Pegboards have long been organizational mainstays in sheds and garages. But recently, the compressed wood boards once reserved for corralling screwdrivers and gardening shears have been popping up in other parts of the home, including kitchens, laundry rooms, offices and playrooms.
They’re looking better these days, too. People are getting imaginative, painting pegboards to look like murals or creating custom wall installations using beautiful wood for the panels and chunky dowels to support shelves.
“From that utilitarian who-cares-how-it-looks approach, where it was strictly about its functionality, it really morphed into a decor statement, where it’s the perfect marriage of something that looks cool and fun, but also is very functional,” says Amy Panos, an editor at Better Homes & Gardens. “And I think that’s why it’s taken off recently.”
Pegboards with curated displays and decorative touches allow people to turn a useful piece into something that reflects their personal style. And, of course, it’s satisfying to see your belongings presented in an organized and appealing way. “It feels good, and it’s a serotonin boost,” Panos says.
The aesthetics of the pegboard are wooing interior designers as well. “It’s an inexpensive way to organize and takes minimal space doing it,” says William Lyon, an interior designer based in Connecticut and New York. “With different material selections, paint and all the different functions of how you can make it work, you can really do anything.”
Here are tips from design experts on where – and how – to use pegboards in your home.
Laundry areas and mudrooms
Pegboards work well in high-traffic spaces where there’s a need for slim storage solutions. Lauren Shaver of Bless’er House painted a pegboard in her small combination laundry room/mudroom white, then added metal baskets for cleaning supplies and hooks for dustpans and brooms.
“It doesn’t disrupt storage in the rest of the room,” she says. “We still have room for coats and shoes.”
To dress up pegboards from hardware stores, Shaver suggests painting them black or navy and using copper hooks and baskets. “It’s then got that luxe masculine look, but it’s glittery and pretty.”
A versatile pegboard wall is ideal for playrooms and children’s bedrooms, Lyon says. It can change functions – and you can move the pegs higher on the wall – as the kids get older. “It works in all aspects for playrooms and anything dealing with the kid,” he says. “It grows with them.”
“I would use it 100% for toy storage,” says Shaver, who recommends installing the material on a wall in a playroom and using it to hang costumes, bins of Legos and more.
Lyon created a custom plywood pegboard wall with oversize movable dowels and shelves for a playroom in the Greenwich, Conn., home of a client with a child who enjoys painting. She uses the board to store her supplies and display creations.
Pegboard had a starring role in Julia Child’s Cambridge, Massachusetts, kitchen, now enshrined at the Smithsonian’s National Museum of American History in D.C. She hung her cooking utensils and more from a board painted in a soft shade of blue, with outlines to show where each item went. “She was the OG of using pegboard in a way that is both functional and drop-dead cool,” Panos says.
To mimic Child’s look, Panos recommends tracing pans or utensils lightly with a pencil, then painting a silhouette on the pegboard. “That gives you a visual cue for what goes there,” she says. “And when it’s not there, it just looks cool.”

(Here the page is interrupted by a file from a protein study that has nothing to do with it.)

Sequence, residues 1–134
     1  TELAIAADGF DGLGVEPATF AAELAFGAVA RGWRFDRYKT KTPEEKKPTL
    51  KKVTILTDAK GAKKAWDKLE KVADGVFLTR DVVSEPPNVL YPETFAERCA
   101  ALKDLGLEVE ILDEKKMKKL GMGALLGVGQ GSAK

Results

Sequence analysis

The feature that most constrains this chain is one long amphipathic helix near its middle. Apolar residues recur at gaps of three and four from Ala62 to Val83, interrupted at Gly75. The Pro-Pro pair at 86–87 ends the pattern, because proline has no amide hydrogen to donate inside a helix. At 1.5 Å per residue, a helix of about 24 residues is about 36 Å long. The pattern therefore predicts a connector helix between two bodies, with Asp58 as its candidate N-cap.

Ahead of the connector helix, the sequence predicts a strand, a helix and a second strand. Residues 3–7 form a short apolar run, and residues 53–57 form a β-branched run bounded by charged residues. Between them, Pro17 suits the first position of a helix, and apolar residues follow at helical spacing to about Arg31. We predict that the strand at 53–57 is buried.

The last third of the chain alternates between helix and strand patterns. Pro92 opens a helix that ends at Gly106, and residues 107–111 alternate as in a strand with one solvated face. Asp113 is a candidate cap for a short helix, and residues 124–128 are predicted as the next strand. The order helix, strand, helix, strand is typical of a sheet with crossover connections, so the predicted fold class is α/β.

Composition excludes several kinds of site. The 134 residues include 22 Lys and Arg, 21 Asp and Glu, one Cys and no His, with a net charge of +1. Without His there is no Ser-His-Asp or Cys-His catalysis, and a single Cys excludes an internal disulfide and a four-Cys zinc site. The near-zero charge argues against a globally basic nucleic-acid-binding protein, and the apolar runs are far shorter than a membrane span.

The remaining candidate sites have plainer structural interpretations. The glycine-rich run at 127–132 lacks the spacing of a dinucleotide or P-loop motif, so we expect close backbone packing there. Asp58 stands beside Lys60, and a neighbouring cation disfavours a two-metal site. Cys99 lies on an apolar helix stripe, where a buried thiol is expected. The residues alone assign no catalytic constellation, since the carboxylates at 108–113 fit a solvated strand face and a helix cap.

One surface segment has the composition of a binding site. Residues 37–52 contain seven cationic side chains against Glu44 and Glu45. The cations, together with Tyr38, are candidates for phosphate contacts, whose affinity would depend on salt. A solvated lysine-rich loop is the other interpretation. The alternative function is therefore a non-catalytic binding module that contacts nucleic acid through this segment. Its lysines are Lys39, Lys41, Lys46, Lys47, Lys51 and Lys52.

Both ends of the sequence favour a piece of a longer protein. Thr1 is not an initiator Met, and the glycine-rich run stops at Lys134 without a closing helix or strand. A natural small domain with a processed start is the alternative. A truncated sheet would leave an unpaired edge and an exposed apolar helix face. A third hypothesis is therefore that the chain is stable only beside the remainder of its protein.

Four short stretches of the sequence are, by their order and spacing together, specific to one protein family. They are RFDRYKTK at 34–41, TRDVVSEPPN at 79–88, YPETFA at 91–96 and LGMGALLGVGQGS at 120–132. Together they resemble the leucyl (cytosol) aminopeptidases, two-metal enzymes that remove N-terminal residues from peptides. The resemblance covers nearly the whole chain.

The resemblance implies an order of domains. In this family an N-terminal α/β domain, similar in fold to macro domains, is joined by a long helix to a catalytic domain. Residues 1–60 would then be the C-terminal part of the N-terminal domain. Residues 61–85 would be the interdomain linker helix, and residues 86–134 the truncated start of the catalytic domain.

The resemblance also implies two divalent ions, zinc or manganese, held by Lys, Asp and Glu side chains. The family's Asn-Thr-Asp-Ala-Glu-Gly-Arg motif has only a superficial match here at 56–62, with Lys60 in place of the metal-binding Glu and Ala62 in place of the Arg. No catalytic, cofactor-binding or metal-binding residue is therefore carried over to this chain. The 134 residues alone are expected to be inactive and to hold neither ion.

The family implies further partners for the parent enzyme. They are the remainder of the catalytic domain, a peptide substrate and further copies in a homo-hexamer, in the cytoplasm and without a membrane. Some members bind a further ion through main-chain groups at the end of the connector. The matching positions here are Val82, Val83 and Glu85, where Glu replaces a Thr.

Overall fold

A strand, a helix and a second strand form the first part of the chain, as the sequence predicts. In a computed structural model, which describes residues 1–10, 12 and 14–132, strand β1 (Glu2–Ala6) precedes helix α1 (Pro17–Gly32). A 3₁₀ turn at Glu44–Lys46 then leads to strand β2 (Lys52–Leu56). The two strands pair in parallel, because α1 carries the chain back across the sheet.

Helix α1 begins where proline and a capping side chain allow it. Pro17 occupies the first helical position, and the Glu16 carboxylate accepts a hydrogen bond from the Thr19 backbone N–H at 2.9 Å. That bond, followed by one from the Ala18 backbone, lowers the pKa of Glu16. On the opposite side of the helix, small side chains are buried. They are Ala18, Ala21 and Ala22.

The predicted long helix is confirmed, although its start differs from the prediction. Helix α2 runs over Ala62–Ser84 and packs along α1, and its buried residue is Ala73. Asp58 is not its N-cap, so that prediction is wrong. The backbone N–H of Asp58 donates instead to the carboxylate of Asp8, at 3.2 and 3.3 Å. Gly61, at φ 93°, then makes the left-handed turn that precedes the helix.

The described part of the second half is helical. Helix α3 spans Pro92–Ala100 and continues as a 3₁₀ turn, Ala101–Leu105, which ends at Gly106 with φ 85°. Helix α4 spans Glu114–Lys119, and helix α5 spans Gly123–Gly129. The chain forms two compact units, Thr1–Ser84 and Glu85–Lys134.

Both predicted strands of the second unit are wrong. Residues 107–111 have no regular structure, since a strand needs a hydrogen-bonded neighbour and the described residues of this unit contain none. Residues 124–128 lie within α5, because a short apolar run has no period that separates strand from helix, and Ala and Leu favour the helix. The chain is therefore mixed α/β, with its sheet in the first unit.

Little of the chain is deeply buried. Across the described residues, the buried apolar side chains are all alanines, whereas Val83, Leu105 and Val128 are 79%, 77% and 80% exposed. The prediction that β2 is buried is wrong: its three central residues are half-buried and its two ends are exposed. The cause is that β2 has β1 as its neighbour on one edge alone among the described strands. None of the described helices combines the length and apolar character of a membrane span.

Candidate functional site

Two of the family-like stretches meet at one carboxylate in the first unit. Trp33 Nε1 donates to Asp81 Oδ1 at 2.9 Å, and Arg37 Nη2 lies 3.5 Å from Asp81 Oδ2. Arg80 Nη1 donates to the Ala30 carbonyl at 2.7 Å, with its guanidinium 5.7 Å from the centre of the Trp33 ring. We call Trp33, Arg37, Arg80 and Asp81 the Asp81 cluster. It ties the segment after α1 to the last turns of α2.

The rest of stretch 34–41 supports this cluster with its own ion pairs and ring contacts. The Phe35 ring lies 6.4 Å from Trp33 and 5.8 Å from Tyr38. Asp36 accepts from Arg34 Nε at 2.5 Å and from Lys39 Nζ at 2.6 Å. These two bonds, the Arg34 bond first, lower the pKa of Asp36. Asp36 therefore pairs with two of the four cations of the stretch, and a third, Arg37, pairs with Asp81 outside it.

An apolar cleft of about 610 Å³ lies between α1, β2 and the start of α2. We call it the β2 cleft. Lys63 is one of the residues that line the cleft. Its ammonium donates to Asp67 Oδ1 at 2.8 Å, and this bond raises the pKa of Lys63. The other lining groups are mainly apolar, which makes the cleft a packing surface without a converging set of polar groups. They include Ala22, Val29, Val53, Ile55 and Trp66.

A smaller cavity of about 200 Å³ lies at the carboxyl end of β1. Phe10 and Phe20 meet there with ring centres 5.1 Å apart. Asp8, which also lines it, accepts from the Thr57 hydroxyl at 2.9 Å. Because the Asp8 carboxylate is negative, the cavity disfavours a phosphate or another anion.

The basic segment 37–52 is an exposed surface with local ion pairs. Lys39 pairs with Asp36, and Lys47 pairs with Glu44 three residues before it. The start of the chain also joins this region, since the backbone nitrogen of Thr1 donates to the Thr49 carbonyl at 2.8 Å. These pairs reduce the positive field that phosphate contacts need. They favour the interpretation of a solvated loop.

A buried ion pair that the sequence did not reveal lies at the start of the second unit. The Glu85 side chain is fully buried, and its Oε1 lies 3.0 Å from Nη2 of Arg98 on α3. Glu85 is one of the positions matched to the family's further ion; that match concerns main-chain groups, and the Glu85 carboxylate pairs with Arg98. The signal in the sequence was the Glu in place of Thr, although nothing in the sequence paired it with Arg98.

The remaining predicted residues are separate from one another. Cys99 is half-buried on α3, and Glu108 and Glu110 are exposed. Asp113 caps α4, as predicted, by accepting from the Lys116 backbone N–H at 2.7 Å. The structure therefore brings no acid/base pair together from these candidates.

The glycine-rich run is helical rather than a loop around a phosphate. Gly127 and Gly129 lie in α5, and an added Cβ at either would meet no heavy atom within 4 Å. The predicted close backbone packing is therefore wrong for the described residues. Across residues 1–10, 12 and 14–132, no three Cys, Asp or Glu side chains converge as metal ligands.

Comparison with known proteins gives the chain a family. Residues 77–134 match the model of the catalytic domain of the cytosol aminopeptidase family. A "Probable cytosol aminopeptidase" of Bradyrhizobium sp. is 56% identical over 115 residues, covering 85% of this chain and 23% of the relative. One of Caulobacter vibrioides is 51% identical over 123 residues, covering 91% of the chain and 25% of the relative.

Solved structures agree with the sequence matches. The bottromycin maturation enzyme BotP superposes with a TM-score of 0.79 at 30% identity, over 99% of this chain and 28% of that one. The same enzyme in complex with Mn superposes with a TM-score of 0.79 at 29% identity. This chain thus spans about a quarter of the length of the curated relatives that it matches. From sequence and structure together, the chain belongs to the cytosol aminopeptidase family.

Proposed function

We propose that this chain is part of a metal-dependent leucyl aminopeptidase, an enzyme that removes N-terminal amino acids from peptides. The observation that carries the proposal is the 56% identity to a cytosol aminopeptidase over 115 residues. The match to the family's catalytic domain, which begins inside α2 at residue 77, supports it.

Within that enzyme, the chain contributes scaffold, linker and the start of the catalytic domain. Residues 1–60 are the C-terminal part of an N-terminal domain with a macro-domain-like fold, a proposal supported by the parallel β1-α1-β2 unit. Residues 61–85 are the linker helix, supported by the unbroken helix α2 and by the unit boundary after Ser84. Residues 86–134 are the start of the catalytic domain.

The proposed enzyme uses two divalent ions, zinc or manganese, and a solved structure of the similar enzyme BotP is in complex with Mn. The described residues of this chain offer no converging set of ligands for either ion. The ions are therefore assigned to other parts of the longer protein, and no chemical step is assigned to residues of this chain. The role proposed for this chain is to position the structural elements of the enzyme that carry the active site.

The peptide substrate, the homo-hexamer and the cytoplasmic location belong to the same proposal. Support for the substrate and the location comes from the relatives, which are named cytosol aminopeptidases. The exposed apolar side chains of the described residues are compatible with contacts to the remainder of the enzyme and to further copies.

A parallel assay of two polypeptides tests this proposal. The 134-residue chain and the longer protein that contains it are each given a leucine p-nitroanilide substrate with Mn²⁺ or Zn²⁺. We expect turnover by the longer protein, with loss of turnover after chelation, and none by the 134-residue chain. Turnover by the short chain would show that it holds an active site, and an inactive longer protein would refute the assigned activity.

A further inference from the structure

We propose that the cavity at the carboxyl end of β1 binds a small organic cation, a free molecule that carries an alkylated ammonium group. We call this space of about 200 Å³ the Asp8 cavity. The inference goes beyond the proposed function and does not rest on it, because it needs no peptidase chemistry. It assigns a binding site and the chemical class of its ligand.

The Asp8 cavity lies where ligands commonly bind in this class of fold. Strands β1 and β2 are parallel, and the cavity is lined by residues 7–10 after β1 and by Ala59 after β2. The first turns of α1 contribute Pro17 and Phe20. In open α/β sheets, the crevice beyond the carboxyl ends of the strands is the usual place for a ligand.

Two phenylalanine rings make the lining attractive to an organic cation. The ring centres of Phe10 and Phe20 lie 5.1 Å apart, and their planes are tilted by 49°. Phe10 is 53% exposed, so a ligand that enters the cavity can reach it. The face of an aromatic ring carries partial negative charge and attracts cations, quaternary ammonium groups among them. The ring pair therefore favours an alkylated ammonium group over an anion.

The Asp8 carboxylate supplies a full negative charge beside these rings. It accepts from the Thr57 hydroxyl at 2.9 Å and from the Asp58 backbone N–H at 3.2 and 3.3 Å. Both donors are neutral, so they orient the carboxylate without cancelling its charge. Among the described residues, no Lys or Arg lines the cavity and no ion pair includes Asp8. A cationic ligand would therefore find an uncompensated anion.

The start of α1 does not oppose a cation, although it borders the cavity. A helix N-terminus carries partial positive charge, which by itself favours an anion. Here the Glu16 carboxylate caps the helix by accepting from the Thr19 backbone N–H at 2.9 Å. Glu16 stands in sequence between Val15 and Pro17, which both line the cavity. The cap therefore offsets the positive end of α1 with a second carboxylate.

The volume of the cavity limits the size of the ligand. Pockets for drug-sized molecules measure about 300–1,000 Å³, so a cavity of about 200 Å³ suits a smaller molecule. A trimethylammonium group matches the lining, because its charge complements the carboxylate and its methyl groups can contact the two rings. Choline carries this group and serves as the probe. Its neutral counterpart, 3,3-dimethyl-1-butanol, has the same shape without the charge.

Pegboard can be installed on a wall, the side of a cabinet, an island or the back of a door. Panos has even seen it used as a backsplash.
Pegboard is a “huge space-saver” in home workspaces, Lyon says. “It gets things off the desk. Just add a mail slot and pencil holder. Wrap chargers on it.”
Retailers such as the Container Store and Ikea sell sleek pegboards that can be hung above desks. And DIY projects involving Dollar Tree’s small panels with accessories such as hooks and shelves have been popping up on TikTok. It can also replace a corkboard; it’s sturdier, and you can attach materials with hooks, clips or bins. Lyon is considering adding pegboard in his new design studio to hang large fabric samples and wallpapers.
Pegboards as decoration
Interior designers are also finding other fun and interesting ways to incorporate pegboards in homes.
At the Brooklyn Heights Designer Showhouse, for example, Studio Dorion used pegboard to create budget-friendly shutters in a guest room. “We wanted to use a nontraditional light-filtering material for the shutters,” says designer Michelle Ficker. “Part of the concept of our space was to use modest materials in an elegant way.”
Manufacturers are tweaking the traditional pegboard to create fresh looks with larger holes and substantial dowels. “It’s getting supersized and getting done on a larger scale with better wood,” Panos says. “It has become this statement wall treatment that’s also very functional.”
The larger dowels also increase how much you can use pegboards for, because they can support shelves holding plants or even artwork. “Layer the art on it, do one big piece or a diptych,” Lyon says. Or create a plant wall by clustering greenery on shelves and wrapping vines around the dowels.
Another option is to turn the pegboard itself into art, such as by painting a mural on it or using unusual materials, colors or finishing materials to create visual interest. “There’s a lot of different looks pegboard can have by changing materials and scale,” Lyon says. Try custom neon Lucite dowels to give it a Lite-Brite vibe, or finish the board in a lime wash paint to add texture and patina. Or, in a mid-century space, paint it in a high-gloss bright color.
“You can make it as chic as you want,” Lyon says. “There’s a lot of possibilities for making pegboard look pretty.”